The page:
- President of baseball operations Larry Beinfest said the Marlins will consider candidates without previous experience managing at the MLB level, Manny Navarro of the Miami Herald reports. Valentine is not a candidate and former Marlins Mike Lowell and Jeff Conine have indicated they aren't seeking MLB managing jobs.
Managers are in the spotlight more than ever in October, since in-game decisions are heavily scrutinized throughout the postseason and it’s a busy month for hirings and firings. The latest...
- Though there’s a lot of self-evaluation going on in Texas following the Rangers’ disappointing finish, manager Ron Washington will return in 2013, Jon Heyman of CBSSports.com reports (on Twitter). Washington’s current contract covers the 2013-14 seasons.
- Candidates such as Tim Wallach, Sandy Alomar Jr. and Brad Ausmus would surely come up if the Rockies look outside of the organization for potential managers, Troy Renck of the Denver Post reports (on Twitter). Jim Tracy resigned as the team's manager two days ago.
- The Red Sox will start their search for a new manager in earnest in the next few days, ESPN.com’s Buster Olney writes. Boston will start by asking the Blue Jays for permission to speak with John Farrell, Olney reports. Ausmus could be a candidate in Boston, too.
- Bobby Valentine may have been paid not to criticize the Red Sox following his dismissal, rival officials suggested to Olney. Such financial incentives are not uncommon, according to Olney.
- In case you missed it, Ozzie Guillen's future with the Marlins remains unclear.
It's been a busy day in Boston as we learned earlier today that the Red Sox plan to dismiss Bobby Valentine after a turbulent season in which the club lost 90 games for the first time since 1966. Then in the afternoon, General Manager Ben Cherington told reporters that he has begun contract talks with both David Ortiz and Cody Ross. Here's more on what Cherington had to say to the press in advance of their season finale against the Yankees..
- Even though the Red Sox have begun working on new deals for Ortiz and Ross, they haven't done the same for other impending free agents, including Daisuke Matsuzaka, tweets Brian MacPherson of The Providence Journal. Mike Axisa recently looked at the Japanese hurler's stock, concluding that it's hard to envision him nabbing more than a one-year, low-base salary deal.
- Cherington once again decline comment on this morning's report that Valentine will be dismissed, but he didn't exactly offer an endorsement of the skipper, tweets Scott Lauber of the Boston Herald. "I'm not going to talk about it. We have a game tonight," said the GM.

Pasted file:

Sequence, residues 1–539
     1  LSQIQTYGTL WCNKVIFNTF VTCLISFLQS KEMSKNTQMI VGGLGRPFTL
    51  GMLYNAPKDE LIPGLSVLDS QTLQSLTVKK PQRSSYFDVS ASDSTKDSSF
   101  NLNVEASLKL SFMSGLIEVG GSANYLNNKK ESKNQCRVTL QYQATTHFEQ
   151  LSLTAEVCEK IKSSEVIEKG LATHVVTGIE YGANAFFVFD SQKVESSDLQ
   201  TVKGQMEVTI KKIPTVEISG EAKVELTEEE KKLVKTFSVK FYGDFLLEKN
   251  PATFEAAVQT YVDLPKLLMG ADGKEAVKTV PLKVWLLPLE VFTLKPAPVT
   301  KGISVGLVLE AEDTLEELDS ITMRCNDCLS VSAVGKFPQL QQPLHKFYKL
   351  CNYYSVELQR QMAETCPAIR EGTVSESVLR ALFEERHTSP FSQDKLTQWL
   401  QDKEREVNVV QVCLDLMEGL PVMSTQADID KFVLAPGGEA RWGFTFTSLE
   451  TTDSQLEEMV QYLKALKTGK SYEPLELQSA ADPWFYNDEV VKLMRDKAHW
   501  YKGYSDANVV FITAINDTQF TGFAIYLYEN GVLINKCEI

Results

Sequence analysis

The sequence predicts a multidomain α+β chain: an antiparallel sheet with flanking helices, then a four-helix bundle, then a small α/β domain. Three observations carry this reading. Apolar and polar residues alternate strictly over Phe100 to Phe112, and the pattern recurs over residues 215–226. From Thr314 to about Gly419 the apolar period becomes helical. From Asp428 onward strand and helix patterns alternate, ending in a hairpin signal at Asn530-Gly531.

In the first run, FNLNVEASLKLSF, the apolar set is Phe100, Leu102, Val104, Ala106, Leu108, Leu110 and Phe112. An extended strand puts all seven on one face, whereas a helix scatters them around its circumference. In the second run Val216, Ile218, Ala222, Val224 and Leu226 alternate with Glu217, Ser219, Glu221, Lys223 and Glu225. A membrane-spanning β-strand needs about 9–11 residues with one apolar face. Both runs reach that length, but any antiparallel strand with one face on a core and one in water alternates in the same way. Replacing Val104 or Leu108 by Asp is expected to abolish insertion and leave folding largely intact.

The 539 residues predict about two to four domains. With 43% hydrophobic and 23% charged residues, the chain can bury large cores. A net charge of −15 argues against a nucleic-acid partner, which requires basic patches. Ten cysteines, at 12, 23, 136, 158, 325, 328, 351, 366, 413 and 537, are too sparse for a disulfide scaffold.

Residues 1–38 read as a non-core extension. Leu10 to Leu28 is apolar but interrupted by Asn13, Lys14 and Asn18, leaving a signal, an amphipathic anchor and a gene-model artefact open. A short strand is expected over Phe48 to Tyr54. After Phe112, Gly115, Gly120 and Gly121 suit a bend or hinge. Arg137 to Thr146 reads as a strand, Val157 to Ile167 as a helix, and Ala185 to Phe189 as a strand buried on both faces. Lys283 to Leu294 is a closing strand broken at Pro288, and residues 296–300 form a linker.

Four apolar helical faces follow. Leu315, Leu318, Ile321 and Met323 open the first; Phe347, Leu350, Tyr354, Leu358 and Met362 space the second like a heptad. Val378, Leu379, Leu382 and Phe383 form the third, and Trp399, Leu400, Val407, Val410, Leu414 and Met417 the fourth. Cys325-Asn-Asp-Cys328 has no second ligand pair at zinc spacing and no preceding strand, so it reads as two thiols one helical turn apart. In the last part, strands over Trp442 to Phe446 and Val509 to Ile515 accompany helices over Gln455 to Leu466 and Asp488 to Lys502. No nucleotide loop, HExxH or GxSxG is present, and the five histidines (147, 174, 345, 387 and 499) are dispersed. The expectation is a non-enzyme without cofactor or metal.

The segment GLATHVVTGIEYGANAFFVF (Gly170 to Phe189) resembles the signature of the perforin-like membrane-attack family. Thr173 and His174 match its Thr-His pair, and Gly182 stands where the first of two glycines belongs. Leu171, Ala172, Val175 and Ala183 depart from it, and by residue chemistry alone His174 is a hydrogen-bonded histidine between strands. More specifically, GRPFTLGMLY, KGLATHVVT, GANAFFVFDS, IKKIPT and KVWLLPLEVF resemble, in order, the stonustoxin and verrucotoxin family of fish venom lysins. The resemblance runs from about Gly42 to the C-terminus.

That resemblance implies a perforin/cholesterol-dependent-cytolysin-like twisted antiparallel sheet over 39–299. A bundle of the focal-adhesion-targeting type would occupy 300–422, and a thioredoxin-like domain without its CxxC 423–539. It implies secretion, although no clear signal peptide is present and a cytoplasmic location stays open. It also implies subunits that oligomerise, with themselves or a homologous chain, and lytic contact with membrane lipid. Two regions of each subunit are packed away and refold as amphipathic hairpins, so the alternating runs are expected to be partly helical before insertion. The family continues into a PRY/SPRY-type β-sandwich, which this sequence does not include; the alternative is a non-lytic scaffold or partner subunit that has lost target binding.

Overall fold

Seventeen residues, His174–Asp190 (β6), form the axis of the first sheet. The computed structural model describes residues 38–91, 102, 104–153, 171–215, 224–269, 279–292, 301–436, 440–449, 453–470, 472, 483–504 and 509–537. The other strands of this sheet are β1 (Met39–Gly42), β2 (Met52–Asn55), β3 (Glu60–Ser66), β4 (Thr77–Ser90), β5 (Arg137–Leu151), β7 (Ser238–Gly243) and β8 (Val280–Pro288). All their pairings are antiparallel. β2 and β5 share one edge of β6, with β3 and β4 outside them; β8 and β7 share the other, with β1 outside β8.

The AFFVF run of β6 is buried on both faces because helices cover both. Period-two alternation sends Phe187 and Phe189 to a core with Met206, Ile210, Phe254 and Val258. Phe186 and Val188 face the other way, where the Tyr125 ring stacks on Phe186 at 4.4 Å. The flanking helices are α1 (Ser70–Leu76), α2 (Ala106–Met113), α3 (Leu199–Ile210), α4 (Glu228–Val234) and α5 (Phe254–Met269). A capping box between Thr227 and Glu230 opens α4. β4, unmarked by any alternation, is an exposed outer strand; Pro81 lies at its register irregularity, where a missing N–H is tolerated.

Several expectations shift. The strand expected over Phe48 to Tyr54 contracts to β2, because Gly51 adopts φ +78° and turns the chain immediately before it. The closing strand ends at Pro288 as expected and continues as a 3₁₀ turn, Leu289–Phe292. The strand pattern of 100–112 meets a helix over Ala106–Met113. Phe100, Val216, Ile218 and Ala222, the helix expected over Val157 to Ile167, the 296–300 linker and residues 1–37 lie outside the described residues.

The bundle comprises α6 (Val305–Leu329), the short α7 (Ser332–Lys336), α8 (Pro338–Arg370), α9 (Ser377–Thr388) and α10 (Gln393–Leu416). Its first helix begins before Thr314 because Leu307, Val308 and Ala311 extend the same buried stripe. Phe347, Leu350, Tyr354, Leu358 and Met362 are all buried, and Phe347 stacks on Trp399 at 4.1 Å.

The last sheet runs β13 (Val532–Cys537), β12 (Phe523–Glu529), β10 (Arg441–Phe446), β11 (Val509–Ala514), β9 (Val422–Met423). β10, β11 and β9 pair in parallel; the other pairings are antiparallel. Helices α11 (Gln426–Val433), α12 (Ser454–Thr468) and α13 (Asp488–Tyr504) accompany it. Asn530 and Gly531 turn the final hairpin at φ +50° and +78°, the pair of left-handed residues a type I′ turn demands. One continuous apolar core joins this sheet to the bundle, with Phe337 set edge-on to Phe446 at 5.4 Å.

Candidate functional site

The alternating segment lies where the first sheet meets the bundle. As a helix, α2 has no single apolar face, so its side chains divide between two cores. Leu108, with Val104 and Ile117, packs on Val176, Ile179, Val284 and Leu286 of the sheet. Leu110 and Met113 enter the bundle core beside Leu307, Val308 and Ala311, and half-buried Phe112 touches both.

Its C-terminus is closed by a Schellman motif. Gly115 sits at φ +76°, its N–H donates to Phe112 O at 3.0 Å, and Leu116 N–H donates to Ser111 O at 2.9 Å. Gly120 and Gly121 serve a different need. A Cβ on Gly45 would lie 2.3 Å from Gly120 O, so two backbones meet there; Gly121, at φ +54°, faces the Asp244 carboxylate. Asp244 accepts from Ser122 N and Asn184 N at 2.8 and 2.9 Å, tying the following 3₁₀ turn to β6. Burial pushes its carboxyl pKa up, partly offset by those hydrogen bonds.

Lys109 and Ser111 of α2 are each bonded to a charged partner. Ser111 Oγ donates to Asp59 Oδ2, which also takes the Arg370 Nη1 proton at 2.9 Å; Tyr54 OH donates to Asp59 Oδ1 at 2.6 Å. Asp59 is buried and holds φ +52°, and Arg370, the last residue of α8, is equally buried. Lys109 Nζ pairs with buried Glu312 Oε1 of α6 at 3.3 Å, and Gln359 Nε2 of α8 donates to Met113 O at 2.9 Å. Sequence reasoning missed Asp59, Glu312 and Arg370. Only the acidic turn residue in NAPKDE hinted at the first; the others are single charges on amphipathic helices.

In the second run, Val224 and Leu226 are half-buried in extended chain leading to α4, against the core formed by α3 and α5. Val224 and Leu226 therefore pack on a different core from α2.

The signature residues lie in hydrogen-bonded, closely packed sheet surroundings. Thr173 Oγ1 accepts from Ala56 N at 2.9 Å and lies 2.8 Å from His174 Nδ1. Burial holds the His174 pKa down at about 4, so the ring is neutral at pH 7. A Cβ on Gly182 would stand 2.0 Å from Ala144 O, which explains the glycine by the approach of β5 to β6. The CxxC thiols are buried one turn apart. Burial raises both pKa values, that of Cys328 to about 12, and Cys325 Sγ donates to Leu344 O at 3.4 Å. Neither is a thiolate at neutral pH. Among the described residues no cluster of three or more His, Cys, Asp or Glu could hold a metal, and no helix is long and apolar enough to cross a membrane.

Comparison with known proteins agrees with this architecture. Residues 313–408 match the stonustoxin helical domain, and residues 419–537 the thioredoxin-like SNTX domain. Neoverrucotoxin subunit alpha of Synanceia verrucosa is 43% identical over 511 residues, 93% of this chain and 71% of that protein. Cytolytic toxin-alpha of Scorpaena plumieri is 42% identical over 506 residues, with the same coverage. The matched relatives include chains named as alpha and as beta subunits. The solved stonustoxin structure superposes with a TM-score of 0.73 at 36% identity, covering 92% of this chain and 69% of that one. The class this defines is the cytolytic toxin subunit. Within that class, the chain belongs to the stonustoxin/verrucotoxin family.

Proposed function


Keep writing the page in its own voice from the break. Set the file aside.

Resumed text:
- Cherington isn't sure if the Red Sox will contend in 2013 and wouldn't offer a timetable, but insists that they will get back to winning at some point, Lauber tweets.
- The GM acknowledged that he didn't do enough to "help stabilize" the starting rotation last winter, MacPherson tweets. Cherington went on to say that the team's struggles in 2012 could not simply be blamed on injuries (Twitter link).
As expected, Red Sox upper management intends to dismiss Bobby Valentine once the season ends, Jon Heyman of CBSSports.com reports. The firing is expected to take place soon after the regular season ends and could occur Thursday or Friday. GM Ben Cherington declined to comment on the matter, Heyman reports.
It's been widely expected that the Red Sox will dismiss Valentine following the regular season. Blue Jays manager John Farrell appears to be a top target of Boston's front office executives. The Red Sox enter the final game of the season with a 69-92 record, having lost 90 games for the first time since 1966.
Valentine told reporters today that he "had every opportunity to succeed and didn't," according to Jack Curry of the YES Network (Twitter links). The manager also said he regrets commenting about Kevin Youkilis' engagement level early in the season.
The Astros officially named Bo Porter their next manager today, publicly endorsing his experience and leadership skills. "He brings an energy to the clubhouse that is contagious and a teaching and motivating style that is appropriate for players of all ages and tenures," GM Jeff Luhnow said in a statement from the team. Here are more managerial notes from around MLB, starting with Porter and the Astros...
- The Astros will wait until Porter finishes his season with the Nationals before making any decisions about the coaching staff, writes Clark Goble of MLB.com. Porter will also be among those involved in the construction of the staff, according to Luhnow. Interim manager Tony DeFrancesco will have a role with the club, but it's not yet known what that will involve.